Should there be an alternate solution to using SCSI and IDE ribbon cables?

In this week's edition of Member Debate, we take a look at the aging technology of ribbon cables. Should ribbon cables be replaced by a new technology? Share your opinions and solutions with other TechRepublic members.

One of the things that annoy me the most when working on a computer has to be the cables that connect hard drives, floppy drives, and CD-ROMs to the motherboard. I find that when I am working on a computer, I dread the time that I have to spend hooking up all the ribbons to their respective devices.

So I’ve come up with an idea that could dramatically change computing forever: eliminate IDE and SCSI ribbons altogether. Get rid of every last one of them. I’m tired of having to work around ribbons. They always seem to get in the way when I’m working on a machine. Ribbons are also very easy to dislodge, and if they get cut, which can and does happen inside a metal computer case, they can cause an entire computer to stop working properly.
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Reasons to give up the ribbon
Not that many hardware technicians probably need a list of reasons to ditch the ribbon, but here’s my take on why ribbons are an outdated technology and should be replaced.
  • Limited bandwidth
    We recently achieved a 100 Mbps transfer rate by using ribbons, but it makes me wonder how much more can we push through this cable. In order to achieve even 66 Mbps and 100 Mbps, manufacturers have had to come up with ways to allow data to transfer faster. As a result, the amount of cable available in standard ribbons has doubled.
  • Size factor
    Ribbons tend to be very wide and very long, so they take up quite a bit of space and can be difficult to work around if you need to get inside a computer. The areas that the ribbons plug into require a large amount of space as well, which means there's less space available on the motherboard.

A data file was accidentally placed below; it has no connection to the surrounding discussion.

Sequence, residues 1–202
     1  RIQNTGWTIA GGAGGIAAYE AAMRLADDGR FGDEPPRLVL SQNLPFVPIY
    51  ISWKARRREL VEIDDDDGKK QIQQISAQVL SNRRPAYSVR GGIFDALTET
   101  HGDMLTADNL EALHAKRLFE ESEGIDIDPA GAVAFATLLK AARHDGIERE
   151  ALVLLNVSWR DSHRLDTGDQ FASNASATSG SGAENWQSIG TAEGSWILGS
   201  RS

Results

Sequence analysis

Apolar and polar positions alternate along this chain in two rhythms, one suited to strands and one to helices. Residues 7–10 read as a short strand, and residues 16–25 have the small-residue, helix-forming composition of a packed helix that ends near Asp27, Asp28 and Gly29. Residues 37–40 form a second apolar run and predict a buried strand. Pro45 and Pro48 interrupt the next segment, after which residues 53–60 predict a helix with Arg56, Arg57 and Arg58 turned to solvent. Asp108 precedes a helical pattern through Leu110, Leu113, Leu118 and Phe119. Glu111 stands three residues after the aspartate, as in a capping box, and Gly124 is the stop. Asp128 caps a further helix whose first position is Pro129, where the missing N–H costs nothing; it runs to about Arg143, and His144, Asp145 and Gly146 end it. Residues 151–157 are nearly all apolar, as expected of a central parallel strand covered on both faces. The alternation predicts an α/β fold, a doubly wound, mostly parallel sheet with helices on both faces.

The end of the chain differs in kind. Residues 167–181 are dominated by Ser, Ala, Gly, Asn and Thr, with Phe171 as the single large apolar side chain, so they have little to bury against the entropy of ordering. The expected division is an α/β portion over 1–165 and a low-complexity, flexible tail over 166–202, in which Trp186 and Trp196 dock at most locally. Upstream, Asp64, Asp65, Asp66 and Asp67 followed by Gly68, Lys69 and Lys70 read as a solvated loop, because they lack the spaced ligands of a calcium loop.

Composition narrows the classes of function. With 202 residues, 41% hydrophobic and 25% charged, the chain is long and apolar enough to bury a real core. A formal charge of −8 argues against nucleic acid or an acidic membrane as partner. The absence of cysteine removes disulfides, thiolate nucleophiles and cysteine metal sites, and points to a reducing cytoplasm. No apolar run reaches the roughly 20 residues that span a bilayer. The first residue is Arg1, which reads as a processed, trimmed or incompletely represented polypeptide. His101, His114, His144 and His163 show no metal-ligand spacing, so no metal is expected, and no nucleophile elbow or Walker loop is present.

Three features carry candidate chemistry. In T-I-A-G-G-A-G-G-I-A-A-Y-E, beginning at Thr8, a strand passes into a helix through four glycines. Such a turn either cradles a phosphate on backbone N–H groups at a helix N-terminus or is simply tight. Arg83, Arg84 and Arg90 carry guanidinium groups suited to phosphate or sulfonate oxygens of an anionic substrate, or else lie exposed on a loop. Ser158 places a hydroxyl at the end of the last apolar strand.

• Interface
    I don’t know how many times I’ve picked up an IDE ribbon only to discover that it will not work with the hard drive I want to use. The reason for this has to do with how many holes are open on the end of the ribbon. Some ribbons block off holes to keep users from plugging the cable into certain devices. If you don’t pay attention to these holes, you could end up bending a pin or two on your device or board.
  • Age
    How long have ribbons been used in computers? I guarantee that it’s been quite some time since they were introduced. It’s time to let another technology take the place of the ribbon.

Possible replacements
I know I’m making a pretty radical suggestion here, so I realize that I need to back up my argument with some reasonable solutions to the ribbon problem. Here are a few ideas for possible replacement alternatives to the aging ribbon.
  • IEEE 1394
    With its high speed, IEEE 1394 (or FireWire to Mac users) could be a more than adequate replacement to the aging ribbon cable. It’s extremely fast, transferring data currently at 400 Mbps, and provides power to the device it’s connected to. This capability would eliminate a power supply plug in the back of devices as well. Just imagine, a hard drive or CD-ROM that requires only one small plug to operate.
  • USB 2.0
    While USB 2.0 isn’t available yet, the speed it’s said to offer sounds quite promising. According to its developers, USB 2.0 will be able to achieve a speed of 480 Mbps, which is almost five times greater than the current ATA 100 standard.
  • Fiber
    This option is currently my favorite. However, it is also the most expensive. With fiber connectivity, hard drives and CD-ROMs will have an almost unlimited amount of bandwidth as well as a very small cable that will not get in the way of technicians who have to work on computers.

Where do you stand?
Do you agree that ribbon cables are just too old of a technology to be used in today’s high-tech computers? Why or why not? Do you have a replacement in mind that I haven’t mentioned? We want to know your thoughts on the topic. Feel free to post your thoughts below or send us e-mail with your opinion.
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